VANCOUVER, BC – After last weekend’s win over New York Red Bulls, Jordan Harvey received a few calls from family congratulating him for his 200th MLS regular season appearance.
The 31-year-old ‘Caps defender knew the milestone was coming up, but wasn’t sure when exactly.
Apparently his family wasn’t, either.
Turns out that this Saturday’s match vs. New England Revolution (4:30 p.m. PT kickoff on TSN2 and TSN 1040) will actually be Harvey’s 200th MLS game.
For real, this time.
“We had to double check,” Harvey joked, “but it’s a big accomplishment for me. For me being a defender, there aren’t many stats and things you can grab a hold of and say that was a massive accomplishment. So looking at that, I’m really proud of it.”
As he should be.
Playing that many games is an accomplishment in itself – and even more so considering the hurdles Harvey has had to overcome along the way.
And that started from a young age.
When Harvey was 13 years old, he was cut from a regional team. He was devastated – even more so because most of his friends were on it. Then, within an hour of hearing the news, he was called back into the team due to another player’s unavailability.
“I remember that being a huge turning point,” Harvey said.
He’s not kidding.
Later that year, the Mission Viejo, California native represented the U.S. for the first time at the U-14 level. And five years later, he became the first Californian to win the American Gatorade National High School Boys Soccer Player of the Year award.
That helped Harvey get noticed by UCLA, where he struggled to get playing time initially before emerging as an All Pac 10 selection in his final two years.
Harvey was part of the first UCLA Bruins men's soccer class to win four straight Pac-10 Conference titles.
(Photo courtesy of the UCLA Bruins)
Next up: the 2006 MLS SuperDraft.
There was one problem, though. Harvey was never chosen.
“That was absolutely a tough time,” he said. “You want to be that sought-after player that everybody wants. That was extra motivation, too.”
Colorado Rapids went on to select Harvey in the ensuing Supplemental Draft, but the Californian didn’t play a game in his first two years at the club. Instead, he was a regular in the MLS Reserve League.
While Harvey had bigger goals in mind, playing for the reserves was an opportunity he relished.
“It was obviously frustrating not getting with the first team as much as I would have liked, but those are some of the most fun times I’ve had playing soccer,” Harvey said. “I really had so much fun with those guys on and off the field. It kept me motivated and interested.”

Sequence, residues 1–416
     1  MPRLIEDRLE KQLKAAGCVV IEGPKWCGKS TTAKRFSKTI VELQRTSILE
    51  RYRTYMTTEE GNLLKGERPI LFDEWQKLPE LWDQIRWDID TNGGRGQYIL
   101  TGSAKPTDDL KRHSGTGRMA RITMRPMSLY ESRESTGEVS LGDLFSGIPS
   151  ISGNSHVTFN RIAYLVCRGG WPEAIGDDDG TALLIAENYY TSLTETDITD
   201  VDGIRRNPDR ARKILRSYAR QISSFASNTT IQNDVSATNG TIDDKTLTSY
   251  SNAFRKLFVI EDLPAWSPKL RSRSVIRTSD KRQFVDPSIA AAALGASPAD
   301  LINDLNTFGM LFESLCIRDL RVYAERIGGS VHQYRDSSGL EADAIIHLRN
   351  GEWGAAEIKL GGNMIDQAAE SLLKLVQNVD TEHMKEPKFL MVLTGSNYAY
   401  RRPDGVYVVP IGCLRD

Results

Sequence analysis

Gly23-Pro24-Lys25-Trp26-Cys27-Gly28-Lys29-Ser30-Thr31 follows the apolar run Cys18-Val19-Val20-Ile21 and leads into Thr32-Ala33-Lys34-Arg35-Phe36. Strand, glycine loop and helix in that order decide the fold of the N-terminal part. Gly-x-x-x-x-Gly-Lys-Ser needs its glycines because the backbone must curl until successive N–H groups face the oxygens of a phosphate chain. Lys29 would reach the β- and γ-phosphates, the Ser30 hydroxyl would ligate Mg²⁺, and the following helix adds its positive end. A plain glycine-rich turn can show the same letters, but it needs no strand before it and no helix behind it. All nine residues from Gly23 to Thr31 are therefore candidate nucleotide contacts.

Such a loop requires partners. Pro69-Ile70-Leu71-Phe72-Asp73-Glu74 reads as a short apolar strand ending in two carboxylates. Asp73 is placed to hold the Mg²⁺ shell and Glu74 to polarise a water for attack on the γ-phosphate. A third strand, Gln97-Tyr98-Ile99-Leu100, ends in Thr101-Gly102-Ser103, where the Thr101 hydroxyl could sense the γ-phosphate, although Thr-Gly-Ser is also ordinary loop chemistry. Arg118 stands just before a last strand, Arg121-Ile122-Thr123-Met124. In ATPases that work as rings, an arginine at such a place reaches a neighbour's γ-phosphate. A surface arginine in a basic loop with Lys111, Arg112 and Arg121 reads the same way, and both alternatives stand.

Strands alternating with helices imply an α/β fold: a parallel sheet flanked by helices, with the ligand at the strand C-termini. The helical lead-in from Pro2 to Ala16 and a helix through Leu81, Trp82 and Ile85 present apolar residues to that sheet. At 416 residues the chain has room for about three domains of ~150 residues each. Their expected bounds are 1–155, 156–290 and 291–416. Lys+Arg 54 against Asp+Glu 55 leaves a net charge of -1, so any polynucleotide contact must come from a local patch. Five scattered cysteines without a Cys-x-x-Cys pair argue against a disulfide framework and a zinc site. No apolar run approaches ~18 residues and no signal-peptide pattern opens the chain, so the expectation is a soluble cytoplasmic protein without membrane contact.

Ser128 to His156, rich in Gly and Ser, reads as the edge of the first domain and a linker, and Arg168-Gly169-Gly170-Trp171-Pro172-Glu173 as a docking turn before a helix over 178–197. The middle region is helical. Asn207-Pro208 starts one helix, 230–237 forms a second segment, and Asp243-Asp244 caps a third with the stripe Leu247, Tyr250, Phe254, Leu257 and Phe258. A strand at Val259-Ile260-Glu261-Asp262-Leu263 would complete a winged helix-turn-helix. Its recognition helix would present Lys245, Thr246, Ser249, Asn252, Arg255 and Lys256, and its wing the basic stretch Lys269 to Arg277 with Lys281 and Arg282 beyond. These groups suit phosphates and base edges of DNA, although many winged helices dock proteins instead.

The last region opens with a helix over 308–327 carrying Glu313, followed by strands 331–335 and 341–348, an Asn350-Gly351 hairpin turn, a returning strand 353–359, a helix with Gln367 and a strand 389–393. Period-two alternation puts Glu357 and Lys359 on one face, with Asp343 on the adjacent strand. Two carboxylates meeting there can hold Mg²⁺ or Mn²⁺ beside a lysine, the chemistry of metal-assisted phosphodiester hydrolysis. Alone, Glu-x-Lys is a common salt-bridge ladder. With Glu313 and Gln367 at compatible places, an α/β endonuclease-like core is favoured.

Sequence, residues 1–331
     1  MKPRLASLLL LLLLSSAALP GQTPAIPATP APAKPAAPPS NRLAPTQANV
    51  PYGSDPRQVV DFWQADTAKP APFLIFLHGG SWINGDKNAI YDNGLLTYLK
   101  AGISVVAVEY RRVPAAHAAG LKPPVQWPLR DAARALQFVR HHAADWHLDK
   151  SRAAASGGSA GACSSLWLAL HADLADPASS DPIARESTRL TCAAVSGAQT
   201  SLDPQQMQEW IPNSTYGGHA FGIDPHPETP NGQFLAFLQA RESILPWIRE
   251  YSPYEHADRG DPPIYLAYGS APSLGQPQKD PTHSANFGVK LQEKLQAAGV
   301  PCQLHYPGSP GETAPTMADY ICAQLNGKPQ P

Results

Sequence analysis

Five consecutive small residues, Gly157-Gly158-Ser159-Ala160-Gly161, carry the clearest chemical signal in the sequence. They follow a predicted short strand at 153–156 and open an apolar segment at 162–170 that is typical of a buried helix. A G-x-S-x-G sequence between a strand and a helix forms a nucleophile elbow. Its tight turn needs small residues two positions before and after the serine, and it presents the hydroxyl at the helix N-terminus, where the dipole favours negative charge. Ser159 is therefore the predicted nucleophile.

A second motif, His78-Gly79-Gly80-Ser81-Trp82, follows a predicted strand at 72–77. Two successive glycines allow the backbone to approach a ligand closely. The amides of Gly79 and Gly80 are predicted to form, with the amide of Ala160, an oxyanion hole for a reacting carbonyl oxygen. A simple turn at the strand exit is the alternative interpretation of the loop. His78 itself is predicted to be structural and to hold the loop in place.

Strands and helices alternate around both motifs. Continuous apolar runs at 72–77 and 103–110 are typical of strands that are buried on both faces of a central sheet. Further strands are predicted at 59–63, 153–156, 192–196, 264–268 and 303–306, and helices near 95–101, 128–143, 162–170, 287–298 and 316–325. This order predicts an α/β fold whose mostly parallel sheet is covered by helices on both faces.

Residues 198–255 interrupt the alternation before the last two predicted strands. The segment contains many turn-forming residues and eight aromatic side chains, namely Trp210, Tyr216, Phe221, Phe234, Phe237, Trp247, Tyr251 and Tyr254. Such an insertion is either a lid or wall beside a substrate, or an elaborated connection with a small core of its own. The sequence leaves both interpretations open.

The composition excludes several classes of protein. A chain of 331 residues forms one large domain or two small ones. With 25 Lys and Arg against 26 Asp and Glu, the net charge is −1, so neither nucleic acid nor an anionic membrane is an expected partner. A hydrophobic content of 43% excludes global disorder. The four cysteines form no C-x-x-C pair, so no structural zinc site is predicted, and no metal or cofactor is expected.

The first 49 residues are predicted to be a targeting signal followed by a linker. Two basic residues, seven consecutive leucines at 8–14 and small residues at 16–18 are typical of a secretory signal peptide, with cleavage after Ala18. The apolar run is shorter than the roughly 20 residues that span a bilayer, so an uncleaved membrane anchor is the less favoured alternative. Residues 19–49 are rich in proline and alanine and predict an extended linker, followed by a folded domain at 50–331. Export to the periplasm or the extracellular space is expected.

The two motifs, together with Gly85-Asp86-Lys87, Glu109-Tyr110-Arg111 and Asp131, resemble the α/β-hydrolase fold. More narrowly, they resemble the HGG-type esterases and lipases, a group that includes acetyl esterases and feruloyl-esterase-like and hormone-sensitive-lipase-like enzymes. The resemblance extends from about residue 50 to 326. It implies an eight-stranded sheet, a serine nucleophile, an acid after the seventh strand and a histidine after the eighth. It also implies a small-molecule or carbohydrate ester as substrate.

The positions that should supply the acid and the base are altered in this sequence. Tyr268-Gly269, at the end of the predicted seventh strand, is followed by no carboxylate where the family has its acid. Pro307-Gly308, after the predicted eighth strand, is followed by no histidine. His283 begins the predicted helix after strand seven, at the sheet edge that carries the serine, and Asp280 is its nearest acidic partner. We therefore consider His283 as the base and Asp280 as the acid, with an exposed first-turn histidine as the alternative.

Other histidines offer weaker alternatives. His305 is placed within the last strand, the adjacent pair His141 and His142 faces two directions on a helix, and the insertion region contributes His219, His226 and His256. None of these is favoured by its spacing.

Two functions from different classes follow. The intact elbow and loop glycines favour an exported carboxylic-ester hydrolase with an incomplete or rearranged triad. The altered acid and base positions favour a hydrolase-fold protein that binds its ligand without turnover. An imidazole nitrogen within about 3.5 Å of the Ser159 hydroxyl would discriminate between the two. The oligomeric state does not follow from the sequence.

And it paid off.
After helping the Rapids second team to back-to-back MLS Reserve League titles in 2006 and 2007, Harvey finally made his MLS debut in 2008. And the following year, he emerged as a steady presence on the Rapids back line, starting all but one of their matches.
From there, Harvey was plucked by Philadelphia Union in the MLS Expansion Draft, where he spent one-and-a-half seasons before getting dealt to the ‘Caps in 2011.
“Coming to a team like Vancouver, starting fresh, working our way up, getting to the point where we are now and hopefully where we can get to in the future, this is one of the more rewarding things in my career,” Harvey said.
There were some hurdles here too, though.
There was that inaugural year, of course, when Whitecaps FC won just six matches. Then there’s the fact that he’s had to fight for his roster spot and prove people wrong every year, it seems, including early this season when Harvey started just one of the team’s first six matches due to the emergence of Sam Adekugbe.
Throughout the good times and bad, however, Whitecaps FC head coach Carl Robinson said that Harvey has never changed the way he conducts himself. Robinson called Harvey a “good character, a top professional, and a role model” for the younger players on the team. The 'Caps coach also said he thinks Harvey still has a few years left in him.
“He probably doesn’t get all the attention that he should, because he’s just a good, solid, hard-working professional,” Robinson said. “But let me tell you, every team that’s going to be successful in this league needs players like that and I’m delighted that we’ve still got him at the club. Since joining MLS, there have been a lot of changes here and I’m glad he wasn’t one of them.”
So is Harvey.
Vancouver has truly become a second home for he and his wife – that’s why he had no hesitation signing a contract extension last year. It’s going to be a home for their soon-to-arrive daughter, too.
Harvey said it’s “exciting” that his daughter will be a Canadian-born dual citizen. The only downside, he joked, is that she won’t be able to run for president. Then again, if she follows in her dad’s footsteps, that’ll just be one of the hurdles she overcomes.
As for Harvey’s own hurdles, he feels there’s one more to go.
“The older you get, the more you realize that winning a championship is all that really matters,” Harvey said. “That’s absolutely what’s driving me right now … it’s that next hurdle I’m dying to jump over.”
“The older you get, the more you realize that winning a championship is all that really matters.”
Suffice to say, he would love nothing more than to jump over that final hurdle with Whitecaps FC.
“The competitiveness and chemistry we have, which is really rare to have both at the same time, makes this team so special,” said Harvey, who's played more MLS games than anyone on Whitecaps FC's roster. “That’s something I’m really proud of. I’m happy to reach this milestone with this team because it’s really such a great team. It’s the best team that I’ve been on.”
And he’s a big part of it.
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